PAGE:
May 19, 2020 report
Team in Germany observes Pauli crystals for the first time (Update)
A team of researchers at Heidelberg University has succeeded in building an apparatus that allowed them to observe Pauli crystals for the first time. They have written a paper describing their efforts and have uploaded it to the arXiv preprint server.
The Pauli exclusion principle is quite simple: It asserts that no two fermions can have the same set of quantum numbers. But as with many principles in physics, this simple assertion has had a profound impact on quantum mechanics. Looking more closely at the principle reveals that it also suggests that no two fermions can occupy the same quantum state. And that means that electrons must have different orbits around a nucleus, and by extension, it explains why atoms have volume. This understanding of the self-ordering of fermions has led to other findings—for instance, that they should form crystals with a specific geometry, which are now known as Pauli crystals. When this observation was first made, it was understood that such crystal formation could only happen under unique circumstances. In this new effort, the researchers have resolved the circumstances, and in so doing, have built an apparatus that allowed them to observe Pauli crystals for the first time.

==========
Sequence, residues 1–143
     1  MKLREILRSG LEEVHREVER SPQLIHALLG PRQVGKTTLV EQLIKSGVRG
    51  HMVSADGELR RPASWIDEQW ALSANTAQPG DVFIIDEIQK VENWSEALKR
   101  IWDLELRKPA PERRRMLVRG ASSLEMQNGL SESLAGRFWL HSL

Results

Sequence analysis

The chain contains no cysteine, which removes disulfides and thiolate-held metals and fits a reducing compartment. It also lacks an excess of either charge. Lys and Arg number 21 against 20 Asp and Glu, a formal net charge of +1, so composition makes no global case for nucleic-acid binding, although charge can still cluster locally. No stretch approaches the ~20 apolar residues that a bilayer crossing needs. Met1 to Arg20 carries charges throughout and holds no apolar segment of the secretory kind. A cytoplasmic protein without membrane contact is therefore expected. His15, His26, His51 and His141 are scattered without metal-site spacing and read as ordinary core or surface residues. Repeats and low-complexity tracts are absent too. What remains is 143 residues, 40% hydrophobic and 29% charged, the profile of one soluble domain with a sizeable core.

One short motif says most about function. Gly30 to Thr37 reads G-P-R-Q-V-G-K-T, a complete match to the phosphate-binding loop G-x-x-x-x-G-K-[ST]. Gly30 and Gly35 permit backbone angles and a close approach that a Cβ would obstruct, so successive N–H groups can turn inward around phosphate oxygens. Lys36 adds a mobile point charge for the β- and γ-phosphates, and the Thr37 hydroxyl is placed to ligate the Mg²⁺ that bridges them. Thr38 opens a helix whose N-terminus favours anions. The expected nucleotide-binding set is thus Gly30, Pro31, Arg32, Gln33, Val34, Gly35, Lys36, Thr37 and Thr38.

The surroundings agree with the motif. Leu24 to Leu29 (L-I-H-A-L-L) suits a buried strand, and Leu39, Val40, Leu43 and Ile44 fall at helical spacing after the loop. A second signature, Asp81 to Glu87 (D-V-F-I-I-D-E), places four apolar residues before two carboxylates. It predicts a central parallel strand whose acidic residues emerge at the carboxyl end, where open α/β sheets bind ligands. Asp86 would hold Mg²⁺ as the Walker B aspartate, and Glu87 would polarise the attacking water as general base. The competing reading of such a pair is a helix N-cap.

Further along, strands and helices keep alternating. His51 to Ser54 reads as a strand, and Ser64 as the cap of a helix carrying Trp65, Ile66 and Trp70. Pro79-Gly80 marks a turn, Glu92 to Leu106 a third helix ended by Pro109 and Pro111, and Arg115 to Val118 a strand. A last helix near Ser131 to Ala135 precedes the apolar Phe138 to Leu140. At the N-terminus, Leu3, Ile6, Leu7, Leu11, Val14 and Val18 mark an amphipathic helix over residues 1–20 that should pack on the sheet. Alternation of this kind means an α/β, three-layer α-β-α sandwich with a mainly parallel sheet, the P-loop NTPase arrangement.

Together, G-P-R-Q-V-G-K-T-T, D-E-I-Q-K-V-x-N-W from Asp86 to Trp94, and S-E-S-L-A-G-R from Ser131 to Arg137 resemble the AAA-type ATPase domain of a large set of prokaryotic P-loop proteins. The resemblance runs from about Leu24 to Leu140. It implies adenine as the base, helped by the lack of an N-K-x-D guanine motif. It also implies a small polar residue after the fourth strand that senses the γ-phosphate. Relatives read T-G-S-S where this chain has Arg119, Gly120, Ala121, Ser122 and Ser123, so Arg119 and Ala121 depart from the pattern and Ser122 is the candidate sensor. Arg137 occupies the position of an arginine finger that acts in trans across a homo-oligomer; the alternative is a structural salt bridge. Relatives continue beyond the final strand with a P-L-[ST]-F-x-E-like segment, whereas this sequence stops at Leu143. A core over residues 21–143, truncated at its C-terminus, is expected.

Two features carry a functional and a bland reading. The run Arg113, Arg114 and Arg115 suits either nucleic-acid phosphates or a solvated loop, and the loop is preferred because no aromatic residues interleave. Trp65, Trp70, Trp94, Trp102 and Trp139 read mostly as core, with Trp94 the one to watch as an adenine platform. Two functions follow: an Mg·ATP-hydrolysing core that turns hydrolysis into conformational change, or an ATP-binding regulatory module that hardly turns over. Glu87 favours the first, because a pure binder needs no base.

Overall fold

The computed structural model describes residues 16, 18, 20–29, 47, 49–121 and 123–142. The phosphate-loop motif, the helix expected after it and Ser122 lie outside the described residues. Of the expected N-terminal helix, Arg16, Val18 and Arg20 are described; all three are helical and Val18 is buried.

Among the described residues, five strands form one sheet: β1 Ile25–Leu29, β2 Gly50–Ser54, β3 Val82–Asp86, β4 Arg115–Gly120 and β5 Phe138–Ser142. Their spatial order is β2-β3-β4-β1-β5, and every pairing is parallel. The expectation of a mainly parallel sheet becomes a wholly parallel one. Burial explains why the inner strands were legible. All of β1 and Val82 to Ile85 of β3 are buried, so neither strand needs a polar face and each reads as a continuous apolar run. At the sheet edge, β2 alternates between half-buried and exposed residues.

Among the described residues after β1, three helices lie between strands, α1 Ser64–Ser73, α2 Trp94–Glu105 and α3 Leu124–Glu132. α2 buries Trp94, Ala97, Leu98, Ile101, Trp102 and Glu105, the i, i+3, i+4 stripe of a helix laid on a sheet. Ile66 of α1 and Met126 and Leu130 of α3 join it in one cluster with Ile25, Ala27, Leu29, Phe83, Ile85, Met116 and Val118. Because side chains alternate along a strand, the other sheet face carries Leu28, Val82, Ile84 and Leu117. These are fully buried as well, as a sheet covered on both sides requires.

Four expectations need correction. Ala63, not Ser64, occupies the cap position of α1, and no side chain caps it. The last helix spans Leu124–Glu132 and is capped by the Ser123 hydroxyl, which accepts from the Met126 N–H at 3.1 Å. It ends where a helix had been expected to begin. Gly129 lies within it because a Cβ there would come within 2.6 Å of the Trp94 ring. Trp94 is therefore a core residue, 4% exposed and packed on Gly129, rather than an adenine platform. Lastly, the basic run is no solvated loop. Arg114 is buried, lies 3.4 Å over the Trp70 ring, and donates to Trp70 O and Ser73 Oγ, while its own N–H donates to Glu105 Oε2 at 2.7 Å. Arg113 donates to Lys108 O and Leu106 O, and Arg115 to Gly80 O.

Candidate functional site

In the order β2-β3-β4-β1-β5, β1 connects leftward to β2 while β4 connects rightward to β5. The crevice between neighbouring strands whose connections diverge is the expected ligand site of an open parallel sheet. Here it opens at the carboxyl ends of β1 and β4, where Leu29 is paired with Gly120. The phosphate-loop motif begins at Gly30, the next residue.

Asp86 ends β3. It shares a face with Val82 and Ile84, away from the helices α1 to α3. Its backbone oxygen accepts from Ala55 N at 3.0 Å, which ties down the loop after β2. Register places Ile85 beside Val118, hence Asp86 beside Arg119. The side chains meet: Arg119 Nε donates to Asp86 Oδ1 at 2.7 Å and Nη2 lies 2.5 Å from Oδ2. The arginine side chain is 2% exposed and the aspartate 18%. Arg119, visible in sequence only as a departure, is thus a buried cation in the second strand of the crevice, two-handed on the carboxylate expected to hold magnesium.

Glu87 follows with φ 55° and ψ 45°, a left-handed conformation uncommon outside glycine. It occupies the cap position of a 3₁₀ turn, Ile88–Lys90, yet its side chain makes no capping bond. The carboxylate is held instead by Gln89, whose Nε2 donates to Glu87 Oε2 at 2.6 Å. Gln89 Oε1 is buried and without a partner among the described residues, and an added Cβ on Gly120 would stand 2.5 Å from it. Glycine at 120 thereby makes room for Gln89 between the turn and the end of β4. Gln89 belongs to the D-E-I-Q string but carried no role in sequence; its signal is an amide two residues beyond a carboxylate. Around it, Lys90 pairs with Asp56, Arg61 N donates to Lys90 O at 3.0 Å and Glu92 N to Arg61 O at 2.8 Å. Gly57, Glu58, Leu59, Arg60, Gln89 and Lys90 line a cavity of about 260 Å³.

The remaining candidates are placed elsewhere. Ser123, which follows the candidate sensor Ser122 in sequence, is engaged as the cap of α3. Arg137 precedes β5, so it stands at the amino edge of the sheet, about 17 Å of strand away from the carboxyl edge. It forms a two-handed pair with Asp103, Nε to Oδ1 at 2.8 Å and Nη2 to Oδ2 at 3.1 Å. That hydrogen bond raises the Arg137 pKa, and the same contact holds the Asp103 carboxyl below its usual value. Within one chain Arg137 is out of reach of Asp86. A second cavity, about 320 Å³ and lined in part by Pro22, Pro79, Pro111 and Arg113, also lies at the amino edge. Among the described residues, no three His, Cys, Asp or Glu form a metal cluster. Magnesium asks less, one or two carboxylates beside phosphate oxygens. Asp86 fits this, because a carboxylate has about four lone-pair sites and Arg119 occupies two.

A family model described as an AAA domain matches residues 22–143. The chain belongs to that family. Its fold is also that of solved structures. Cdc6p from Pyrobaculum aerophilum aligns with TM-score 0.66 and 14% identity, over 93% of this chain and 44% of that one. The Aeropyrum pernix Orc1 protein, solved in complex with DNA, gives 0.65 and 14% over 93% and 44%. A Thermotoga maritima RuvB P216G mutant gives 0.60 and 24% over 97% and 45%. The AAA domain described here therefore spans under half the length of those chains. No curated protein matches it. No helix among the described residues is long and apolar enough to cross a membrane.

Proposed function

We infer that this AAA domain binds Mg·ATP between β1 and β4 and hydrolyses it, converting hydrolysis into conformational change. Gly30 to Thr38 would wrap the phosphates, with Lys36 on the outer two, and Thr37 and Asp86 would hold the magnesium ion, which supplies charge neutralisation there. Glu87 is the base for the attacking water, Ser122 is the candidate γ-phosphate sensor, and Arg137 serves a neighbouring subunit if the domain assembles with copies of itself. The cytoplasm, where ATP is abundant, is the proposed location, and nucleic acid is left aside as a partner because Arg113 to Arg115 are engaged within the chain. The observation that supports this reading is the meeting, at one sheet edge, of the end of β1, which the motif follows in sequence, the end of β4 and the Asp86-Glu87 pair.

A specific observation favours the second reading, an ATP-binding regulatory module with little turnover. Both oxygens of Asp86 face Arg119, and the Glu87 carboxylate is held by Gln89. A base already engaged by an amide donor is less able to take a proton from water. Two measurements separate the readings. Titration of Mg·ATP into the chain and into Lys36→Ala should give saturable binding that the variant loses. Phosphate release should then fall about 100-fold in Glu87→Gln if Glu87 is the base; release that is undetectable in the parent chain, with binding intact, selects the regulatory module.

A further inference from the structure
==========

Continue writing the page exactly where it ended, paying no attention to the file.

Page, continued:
The work involved a setup that included lasers that were able to trap a cloud of lithium-6 atoms supercooled to their lower energy state, forcing them to adhere to the exclusion principle, in a one-atom thick flat layer. The team then used a technique that allowed them to photograph the atoms when they were in a particular given state—and only those atoms. They then used the camera to take 20,000 pictures, but used only those that showed the right number of atoms—-indicating that they were adhering to the Pauli exclusion principle. Next, the team processed the remaining images to remove the impact of overall momentum in the atom cloud, rotated them properly, and then superimposed thousands of them, revealing the momentum distribution of the individual atoms—that was the point at which crystal structures began to emerge in the photographs, just as was predicted by theory. The researchers note that their technique could also be used to study other effects related to fermion-based gases.
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